|Andy Brickley on MFB: ‘Expect further moves to be made’ by Bruins||10.08.14 at 1:52 pm ET|
NESN Bruins analyst Andy Brickley made his first weekly appearance of the 2014-15 season Wednesday, hours before the Bruins drop the puck against the Flyers in the opener at TD Garden. To hear the interview, go the MFB audio on demand page.
Prognosticators think highly of the Bruins heading into the campaign, and Brickley explained there’s a good reason for that.
“I don’t know if they’ve gotten better in any one particular area other than a little bit more experience,” Brickley said. “I think they have the strengths that most teams that want to be an elite team have. You try to build teams from the goal line on out. So they have a goaltender that won the Vezina in the last year, obviously, Tuukka [Rask] is tremendously talented and calm and has that demeanor that everybody likes to play in front of.
“They have a real good defensive corps led by Zdeno Chara. They play a defense-first system. They play a backchecking formula that really, really pays off, which is one of the main reasons that they play four lines. The demand by Claude Julien and his coaching staff to have that back pressure to help out the team defense part of the game is almost unmatched across the league. And it really stands out when you break down tape just how committed the Bruins forwards are to get back and play defense and pressure the puck and try to turn defense into offense with turnovers and control the middle of the ice — that’s that straight-down-the-middle phrase that I use.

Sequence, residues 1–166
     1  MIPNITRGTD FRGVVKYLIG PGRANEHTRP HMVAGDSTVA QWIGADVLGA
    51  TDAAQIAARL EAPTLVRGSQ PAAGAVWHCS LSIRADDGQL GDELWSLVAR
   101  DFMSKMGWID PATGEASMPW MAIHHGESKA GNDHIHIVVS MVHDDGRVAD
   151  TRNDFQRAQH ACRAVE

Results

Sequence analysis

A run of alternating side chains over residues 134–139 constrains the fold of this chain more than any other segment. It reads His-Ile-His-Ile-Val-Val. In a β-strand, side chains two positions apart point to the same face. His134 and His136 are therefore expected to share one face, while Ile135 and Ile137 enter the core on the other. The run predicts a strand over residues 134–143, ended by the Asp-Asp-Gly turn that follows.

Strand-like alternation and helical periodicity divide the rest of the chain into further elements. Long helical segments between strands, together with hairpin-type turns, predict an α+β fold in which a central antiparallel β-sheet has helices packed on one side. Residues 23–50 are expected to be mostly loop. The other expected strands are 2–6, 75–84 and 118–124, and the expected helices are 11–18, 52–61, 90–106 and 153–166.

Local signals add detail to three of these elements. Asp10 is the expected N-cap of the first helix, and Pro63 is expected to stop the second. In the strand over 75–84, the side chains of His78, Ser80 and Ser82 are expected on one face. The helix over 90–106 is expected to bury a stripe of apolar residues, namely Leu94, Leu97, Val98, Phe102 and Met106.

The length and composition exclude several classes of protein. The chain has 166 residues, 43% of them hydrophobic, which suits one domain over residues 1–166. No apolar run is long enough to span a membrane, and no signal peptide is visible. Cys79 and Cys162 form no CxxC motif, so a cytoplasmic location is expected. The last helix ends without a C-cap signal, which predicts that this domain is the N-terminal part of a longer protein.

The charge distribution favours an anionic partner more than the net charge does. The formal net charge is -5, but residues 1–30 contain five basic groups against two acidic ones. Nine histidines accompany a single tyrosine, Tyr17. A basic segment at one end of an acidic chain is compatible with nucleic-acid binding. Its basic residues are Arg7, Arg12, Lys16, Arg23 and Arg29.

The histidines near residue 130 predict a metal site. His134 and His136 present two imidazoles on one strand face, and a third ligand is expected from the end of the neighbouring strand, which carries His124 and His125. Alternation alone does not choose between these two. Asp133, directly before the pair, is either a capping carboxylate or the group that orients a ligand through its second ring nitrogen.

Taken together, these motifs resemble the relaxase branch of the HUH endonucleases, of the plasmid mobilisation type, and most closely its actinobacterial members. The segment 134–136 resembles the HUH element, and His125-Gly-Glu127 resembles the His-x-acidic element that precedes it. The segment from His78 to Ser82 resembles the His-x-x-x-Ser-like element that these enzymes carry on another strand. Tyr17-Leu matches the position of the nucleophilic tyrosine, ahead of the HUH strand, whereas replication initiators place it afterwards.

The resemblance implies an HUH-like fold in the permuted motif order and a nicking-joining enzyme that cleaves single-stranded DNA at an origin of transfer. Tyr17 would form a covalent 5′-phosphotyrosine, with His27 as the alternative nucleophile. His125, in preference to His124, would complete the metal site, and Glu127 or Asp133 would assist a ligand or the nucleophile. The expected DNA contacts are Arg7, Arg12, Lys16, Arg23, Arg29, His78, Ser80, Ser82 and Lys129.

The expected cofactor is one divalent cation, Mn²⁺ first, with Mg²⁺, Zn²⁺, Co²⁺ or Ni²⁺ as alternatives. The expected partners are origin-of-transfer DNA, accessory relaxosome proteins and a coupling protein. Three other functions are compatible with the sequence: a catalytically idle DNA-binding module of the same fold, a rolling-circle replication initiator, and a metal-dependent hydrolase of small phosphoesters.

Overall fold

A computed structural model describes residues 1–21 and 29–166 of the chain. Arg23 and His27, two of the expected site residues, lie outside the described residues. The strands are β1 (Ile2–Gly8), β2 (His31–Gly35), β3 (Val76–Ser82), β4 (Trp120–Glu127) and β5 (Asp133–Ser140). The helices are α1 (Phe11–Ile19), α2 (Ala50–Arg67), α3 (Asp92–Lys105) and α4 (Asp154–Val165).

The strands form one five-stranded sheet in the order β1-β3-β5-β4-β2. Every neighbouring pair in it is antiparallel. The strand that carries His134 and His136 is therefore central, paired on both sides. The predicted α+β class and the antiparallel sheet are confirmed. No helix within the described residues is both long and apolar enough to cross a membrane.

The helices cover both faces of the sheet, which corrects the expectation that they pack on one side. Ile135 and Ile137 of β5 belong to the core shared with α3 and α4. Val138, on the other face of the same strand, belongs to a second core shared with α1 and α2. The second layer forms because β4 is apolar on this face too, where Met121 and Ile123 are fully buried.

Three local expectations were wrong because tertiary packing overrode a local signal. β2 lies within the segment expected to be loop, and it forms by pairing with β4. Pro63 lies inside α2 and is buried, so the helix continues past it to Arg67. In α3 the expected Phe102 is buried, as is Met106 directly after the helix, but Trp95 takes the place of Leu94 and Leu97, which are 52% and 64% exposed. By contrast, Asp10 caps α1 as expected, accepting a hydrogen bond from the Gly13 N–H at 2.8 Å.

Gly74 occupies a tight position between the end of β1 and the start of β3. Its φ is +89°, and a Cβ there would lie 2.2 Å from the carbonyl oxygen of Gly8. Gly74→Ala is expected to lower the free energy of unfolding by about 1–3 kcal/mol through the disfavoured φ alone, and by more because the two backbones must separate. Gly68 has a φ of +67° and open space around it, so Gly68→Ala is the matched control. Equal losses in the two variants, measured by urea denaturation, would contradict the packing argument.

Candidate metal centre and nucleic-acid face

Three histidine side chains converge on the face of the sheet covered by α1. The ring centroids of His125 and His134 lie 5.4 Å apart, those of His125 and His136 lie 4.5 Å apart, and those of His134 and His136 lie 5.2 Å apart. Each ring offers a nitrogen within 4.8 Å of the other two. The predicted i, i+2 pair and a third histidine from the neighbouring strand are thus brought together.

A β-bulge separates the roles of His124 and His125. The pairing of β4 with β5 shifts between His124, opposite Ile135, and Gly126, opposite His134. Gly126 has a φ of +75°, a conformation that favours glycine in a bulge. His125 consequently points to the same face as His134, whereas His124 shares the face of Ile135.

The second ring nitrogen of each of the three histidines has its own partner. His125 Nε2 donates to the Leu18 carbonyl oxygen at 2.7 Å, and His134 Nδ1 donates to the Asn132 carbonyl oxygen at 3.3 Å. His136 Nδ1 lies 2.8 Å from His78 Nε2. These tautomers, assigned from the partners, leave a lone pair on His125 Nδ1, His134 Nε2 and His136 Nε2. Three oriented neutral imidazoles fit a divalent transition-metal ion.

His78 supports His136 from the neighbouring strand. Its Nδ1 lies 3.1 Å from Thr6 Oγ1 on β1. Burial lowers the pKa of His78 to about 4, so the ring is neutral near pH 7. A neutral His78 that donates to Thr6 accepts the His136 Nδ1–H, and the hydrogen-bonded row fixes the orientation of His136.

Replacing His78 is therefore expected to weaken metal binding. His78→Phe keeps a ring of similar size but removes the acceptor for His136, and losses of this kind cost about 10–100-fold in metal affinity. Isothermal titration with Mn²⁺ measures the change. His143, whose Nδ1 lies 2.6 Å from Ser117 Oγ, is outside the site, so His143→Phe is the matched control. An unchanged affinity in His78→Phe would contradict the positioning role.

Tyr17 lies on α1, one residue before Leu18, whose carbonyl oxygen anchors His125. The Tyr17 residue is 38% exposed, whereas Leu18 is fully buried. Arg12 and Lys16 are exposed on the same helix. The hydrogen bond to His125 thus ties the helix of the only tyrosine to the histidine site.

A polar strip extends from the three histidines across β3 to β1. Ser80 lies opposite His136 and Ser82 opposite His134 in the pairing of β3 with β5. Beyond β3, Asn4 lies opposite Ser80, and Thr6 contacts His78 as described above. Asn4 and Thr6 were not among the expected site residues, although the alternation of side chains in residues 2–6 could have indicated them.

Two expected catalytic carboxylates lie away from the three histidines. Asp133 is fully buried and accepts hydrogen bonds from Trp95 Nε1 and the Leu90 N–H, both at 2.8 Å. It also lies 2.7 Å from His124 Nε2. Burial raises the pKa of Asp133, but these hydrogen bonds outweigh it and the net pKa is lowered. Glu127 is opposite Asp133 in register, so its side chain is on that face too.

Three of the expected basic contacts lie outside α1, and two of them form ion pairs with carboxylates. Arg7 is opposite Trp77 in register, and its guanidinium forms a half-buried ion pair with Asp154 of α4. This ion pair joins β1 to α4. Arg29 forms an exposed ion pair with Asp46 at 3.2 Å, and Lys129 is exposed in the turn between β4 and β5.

“And then try to have their offense be a balanced scoring attack along with quality special teams. They were the third-best power play in the league last year, that has a lot to do with the infusion of young talent that they got — like a Dougie Hamilton, like a Torey Krug, they both play power play on different units. Reilly Smith comes in in that deal for [Tyler] Seguin, he gives you a different element, a little bit more speed, a little bit more skill up front. It allows Chara to play the front of the net — whether you thought that was going to be a successful and productive experiment or not, it has paid off for the Bruins.
“So, that’s the formula for success. That’s why the Jeremy Roenicks and the Barry Melroses feel that the Bruins, relative to every other team in the Eastern Conference, that they’re right there at the top.”
|Andy Brickley on M&M: ‘No maliciousness’ from Max Pacioretty on Johnny Boychuk hit||12.06.13 at 11:56 am ET|
NESN Bruins analyst Andy Brickley made his weekly appearance with Mut & Merloni on Friday, following Thursday’s 2-1 loss to the Canadiens in Montreal.
The Bruins had a 1-0 lead after a period but struggled in the second as the Canadiens took control.
“There’s nothing there in way of explaining why they played the way they did in the second period,” Brickley said. “In fact, the four days off should have worked to their benefit in the second period. You knew you were going to get a better push from Montreal than what they were able to give you in the first 20 given the fact that this was game three in four nights for them, plus travel.